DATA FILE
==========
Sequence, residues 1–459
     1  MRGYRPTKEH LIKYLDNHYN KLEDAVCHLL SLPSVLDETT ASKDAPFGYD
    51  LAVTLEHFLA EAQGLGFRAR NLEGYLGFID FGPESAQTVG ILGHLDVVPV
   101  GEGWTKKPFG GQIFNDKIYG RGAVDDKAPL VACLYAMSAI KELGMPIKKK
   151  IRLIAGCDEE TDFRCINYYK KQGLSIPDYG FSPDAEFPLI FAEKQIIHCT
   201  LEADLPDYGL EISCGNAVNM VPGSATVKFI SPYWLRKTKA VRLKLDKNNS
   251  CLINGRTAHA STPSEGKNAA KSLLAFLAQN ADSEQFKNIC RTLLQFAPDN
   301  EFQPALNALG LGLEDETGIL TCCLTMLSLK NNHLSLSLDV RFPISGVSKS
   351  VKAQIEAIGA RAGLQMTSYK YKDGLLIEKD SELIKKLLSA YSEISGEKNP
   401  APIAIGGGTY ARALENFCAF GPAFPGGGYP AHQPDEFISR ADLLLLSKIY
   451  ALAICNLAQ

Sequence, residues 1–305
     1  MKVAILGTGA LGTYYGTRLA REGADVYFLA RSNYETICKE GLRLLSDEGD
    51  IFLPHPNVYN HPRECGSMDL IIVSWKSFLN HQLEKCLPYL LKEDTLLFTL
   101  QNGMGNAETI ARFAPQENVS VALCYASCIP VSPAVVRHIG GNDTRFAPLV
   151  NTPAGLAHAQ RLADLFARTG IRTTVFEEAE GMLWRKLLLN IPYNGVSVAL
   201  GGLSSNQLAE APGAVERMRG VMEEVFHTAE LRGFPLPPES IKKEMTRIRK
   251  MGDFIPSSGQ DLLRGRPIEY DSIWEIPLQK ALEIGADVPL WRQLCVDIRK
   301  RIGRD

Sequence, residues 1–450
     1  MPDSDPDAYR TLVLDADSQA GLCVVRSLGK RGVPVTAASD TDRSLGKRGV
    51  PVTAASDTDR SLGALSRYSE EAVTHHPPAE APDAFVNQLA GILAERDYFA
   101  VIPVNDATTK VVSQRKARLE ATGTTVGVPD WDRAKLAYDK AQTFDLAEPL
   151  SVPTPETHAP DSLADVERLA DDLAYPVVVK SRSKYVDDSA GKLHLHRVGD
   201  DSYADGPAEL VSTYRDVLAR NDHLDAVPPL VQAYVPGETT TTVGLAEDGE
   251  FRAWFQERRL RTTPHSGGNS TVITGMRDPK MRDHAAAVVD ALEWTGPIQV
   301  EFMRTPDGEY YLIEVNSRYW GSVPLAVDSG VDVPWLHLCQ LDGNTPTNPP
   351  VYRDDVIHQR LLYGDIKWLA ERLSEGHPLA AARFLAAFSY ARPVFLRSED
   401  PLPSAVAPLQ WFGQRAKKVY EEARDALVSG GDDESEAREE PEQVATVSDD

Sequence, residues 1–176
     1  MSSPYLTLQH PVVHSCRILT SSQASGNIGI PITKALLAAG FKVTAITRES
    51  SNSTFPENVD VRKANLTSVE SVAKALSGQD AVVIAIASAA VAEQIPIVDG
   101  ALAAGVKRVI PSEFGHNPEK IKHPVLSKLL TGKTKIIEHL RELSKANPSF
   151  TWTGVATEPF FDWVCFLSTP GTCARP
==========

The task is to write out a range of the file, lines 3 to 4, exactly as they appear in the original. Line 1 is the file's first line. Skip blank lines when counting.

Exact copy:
    51  LAVTLEHFLA EAQGLGFRAR NLEGYLGFID FGPESAQTVG ILGHLDVVPV
   101  GEGWTKKPFG GQIFNDKIYG RGAVDDKAPL VACLYAMSAI KELGMPIKKK